An infallible truth about human psychology: When someone looks at you with disgust and says, “I’m not offended, I just think it’s stupid,” you can bet your bank account that they are, indeed, offended. And the more deeply they dig themselves into the trench – their face getting redder and redder by the moment – the more obvious it becomes that you’ve touched a nerve.

For a prime example, take a look at Kevin Fallon’s recent piece in the Daily Beast, where he presumes to tell readers what they can and cannot wear on Halloween night. Fallon’s hardly the first liberal to crack down on “offensive” costumes – universities around the country are threatening students with disciplinary action if they wear sexist, racist, blank-ist costumes, so that horse has left the barn – but he tries desperately to separate himself from the pack by couching his criticism in the old “I’m not offended, it’s just stupid” nonsense.

In the column – titled “Do Not Dress as Ken Bone for Halloween” – Fallon drops a few lines meant to distance himself from the typical outraged liberal:

“We’re not blaring any sensitivity siren here. We’re merely pointing out that these costumes are really dumb.”

“When when we’re all in on it, it’s not cheeky; it’s mainstream.”

“People don’t think you’re being offensive—they think you’re being just dumb.”

Ah, but you don’t have to obtain a degree in psychology to understand that most people don’t get this angry about lame comedy. Fallon’s not writing an essay about stock superhero costumes or the perennial “eggs and bacon” couples outfit; he’s only concerned with costumes that get his liberal blood boiling.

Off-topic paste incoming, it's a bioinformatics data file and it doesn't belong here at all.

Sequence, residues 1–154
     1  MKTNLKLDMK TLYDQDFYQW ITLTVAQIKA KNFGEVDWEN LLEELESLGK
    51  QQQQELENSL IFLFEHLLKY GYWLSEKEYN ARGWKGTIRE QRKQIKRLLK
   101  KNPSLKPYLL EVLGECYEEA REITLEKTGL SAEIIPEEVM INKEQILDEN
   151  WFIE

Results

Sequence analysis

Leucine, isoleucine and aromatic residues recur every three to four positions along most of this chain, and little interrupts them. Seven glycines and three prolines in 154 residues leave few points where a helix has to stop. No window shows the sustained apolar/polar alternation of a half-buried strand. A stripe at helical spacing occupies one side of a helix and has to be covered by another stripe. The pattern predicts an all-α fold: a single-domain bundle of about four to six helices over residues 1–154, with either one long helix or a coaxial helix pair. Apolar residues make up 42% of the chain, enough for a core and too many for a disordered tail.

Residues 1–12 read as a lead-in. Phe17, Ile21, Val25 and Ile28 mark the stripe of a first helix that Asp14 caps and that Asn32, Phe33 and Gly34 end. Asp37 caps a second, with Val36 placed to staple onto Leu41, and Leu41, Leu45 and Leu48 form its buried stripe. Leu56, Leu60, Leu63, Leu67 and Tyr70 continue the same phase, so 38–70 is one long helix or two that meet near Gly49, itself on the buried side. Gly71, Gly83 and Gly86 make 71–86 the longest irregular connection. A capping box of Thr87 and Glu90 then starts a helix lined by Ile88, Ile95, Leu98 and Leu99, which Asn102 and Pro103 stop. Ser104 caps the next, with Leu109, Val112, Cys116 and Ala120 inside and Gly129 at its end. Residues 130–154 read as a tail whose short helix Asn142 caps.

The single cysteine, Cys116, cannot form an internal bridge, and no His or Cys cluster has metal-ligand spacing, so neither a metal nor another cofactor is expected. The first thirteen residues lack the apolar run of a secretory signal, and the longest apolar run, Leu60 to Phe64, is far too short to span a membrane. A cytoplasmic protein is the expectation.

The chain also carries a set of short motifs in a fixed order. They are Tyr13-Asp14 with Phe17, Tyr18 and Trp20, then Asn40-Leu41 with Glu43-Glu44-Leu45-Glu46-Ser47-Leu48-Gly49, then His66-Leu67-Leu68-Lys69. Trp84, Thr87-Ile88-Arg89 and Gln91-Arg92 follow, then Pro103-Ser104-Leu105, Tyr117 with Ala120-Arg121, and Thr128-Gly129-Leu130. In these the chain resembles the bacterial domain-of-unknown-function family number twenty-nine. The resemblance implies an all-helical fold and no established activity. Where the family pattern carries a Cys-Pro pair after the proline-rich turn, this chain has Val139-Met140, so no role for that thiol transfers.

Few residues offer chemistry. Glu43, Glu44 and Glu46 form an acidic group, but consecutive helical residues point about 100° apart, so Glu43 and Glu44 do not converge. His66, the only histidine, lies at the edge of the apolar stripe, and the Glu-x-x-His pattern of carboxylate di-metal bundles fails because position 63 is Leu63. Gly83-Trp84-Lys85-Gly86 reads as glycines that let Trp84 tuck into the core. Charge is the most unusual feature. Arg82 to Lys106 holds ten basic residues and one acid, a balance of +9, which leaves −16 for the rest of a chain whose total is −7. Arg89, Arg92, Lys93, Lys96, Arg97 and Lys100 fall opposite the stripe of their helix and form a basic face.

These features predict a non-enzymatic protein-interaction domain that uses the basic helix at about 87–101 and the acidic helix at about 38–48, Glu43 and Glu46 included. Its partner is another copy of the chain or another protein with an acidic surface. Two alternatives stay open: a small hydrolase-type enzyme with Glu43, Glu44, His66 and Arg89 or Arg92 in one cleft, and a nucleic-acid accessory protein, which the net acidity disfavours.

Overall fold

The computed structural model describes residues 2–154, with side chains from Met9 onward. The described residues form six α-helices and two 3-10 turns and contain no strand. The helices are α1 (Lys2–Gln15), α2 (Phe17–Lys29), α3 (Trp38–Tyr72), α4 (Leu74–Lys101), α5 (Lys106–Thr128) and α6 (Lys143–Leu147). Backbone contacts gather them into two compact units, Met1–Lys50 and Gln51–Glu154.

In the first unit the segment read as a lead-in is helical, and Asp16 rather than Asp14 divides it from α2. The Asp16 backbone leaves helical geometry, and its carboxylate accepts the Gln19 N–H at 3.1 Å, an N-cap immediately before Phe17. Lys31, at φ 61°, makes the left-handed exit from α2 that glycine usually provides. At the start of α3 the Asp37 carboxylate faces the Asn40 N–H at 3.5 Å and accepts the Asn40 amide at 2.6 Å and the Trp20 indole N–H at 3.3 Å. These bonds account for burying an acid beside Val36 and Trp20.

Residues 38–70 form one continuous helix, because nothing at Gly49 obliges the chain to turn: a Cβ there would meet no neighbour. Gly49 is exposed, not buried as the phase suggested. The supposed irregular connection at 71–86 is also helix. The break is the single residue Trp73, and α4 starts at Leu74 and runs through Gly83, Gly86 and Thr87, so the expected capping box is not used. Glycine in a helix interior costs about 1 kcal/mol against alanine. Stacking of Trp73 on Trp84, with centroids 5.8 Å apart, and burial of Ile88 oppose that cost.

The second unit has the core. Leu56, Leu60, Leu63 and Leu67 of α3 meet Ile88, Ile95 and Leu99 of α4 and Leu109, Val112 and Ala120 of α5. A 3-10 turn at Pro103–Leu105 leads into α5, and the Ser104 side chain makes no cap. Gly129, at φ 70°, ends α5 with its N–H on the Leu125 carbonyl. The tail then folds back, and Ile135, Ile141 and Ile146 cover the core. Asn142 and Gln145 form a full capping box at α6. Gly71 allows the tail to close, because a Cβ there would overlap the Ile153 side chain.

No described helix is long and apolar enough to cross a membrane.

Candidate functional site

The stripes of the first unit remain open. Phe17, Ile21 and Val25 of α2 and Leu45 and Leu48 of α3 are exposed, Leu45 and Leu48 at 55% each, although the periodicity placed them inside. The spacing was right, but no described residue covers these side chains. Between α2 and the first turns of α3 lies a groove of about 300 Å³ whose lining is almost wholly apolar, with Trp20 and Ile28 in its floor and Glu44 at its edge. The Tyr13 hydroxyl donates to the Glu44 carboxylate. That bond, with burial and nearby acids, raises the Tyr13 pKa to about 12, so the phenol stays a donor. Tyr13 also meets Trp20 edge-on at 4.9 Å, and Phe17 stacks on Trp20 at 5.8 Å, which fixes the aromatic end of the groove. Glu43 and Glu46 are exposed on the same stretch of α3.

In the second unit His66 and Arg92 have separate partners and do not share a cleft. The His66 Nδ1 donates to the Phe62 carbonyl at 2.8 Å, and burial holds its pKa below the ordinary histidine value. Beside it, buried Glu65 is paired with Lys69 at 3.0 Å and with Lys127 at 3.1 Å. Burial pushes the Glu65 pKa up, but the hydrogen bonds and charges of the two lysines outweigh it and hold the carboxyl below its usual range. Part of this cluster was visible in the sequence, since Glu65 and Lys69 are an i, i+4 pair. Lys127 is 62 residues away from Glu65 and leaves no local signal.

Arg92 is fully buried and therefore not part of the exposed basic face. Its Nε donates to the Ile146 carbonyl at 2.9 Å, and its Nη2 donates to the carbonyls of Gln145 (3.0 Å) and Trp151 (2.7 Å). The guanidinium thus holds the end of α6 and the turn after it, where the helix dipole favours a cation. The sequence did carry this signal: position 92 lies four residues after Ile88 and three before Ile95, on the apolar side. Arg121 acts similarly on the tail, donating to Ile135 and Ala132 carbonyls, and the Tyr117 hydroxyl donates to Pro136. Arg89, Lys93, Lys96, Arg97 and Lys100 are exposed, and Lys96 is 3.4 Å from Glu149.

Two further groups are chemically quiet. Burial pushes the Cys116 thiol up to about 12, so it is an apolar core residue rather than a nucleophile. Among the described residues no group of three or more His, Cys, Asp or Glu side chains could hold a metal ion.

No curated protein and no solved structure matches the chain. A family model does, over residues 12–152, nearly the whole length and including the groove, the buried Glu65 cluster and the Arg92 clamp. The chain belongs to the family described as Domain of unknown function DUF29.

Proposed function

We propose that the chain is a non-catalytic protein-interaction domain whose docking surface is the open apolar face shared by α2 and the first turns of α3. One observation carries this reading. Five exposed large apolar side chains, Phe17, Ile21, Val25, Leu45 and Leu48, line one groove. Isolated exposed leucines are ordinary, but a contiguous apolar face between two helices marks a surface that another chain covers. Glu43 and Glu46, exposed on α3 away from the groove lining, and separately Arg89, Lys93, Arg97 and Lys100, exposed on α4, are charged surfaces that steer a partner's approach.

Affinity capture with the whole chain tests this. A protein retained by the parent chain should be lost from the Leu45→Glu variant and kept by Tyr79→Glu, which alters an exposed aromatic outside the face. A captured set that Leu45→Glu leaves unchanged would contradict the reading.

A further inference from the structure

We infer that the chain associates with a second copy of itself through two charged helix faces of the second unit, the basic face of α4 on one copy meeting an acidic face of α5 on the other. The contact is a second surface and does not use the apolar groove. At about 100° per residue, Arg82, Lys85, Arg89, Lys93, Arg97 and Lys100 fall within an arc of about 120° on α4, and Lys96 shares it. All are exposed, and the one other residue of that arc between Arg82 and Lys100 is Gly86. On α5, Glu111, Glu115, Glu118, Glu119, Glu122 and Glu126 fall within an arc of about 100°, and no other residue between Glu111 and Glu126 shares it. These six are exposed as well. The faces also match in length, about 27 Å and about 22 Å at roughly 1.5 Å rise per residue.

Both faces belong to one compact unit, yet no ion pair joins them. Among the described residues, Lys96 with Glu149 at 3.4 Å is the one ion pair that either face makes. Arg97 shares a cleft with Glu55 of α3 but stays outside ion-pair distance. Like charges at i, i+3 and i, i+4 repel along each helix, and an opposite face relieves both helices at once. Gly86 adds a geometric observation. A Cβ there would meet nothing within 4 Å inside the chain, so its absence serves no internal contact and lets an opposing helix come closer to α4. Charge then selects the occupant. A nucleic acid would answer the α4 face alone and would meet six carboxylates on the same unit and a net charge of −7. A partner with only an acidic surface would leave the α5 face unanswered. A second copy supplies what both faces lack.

On a Ken Bone costume: “His disturbing Reddit history proves he’s not nearly as adorable as we thought, suggesting, among other things, that the killing of Trayvon Martin was justified.”

On a Donald Trump costume: “You’re either suggesting that Donald Trump is a joke or you want to start a fight. If the reason is the former, see above. If the reason is the latter, you’re the worst for reasons far greater than your lame Halloween costume.”

And then, the facade falls entirely:

It’s pointless to dredge up the (completely valid) conversations about the exploiting of socioeconomic disparity with costumes mocking the homeless or “white trash,” the problematic consequences of the “sexy” Halloween motif, and the truths revealed about us by our consistent excusing of racist costumes.

They’re had every year and, if nothing else, only serve to bolster the annual blackout bacchanal, not deter from it.

The old, “I won’t even bring up how you steal money from your grandmother every year” style of argument. Always a classic.

Maybe Fallon’s right. Maybe these costumes aren’t funny.

But watching these bleeding hearts twist themselves into angry contortions over every Halloween sombrero? Friggin hilarious.